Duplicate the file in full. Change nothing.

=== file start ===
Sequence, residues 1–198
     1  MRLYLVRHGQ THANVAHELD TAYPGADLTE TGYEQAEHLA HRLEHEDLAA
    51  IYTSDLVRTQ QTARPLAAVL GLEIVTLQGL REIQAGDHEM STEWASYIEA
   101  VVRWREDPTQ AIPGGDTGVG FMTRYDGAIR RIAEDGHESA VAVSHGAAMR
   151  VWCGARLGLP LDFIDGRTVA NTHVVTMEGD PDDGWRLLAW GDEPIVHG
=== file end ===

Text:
Sequence, residues 1–198
     1  MRLYLVRHGQ THANVAHELD TAYPGADLTE TGYEQAEHLA HRLEHEDLAA
    51  IYTSDLVRTQ QTARPLAAVL GLEIVTLQGL REIQAGDHEM STEWASYIEA
   101  VVRWREDPTQ AIPGGDTGVG FMTRYDGAIR RIAEDGHESA VAVSHGAAMR
   151  VWCGARLGLP LDFIDGRTVA NTHVVTMEGD PDDGWRLLAW GDEPIVHG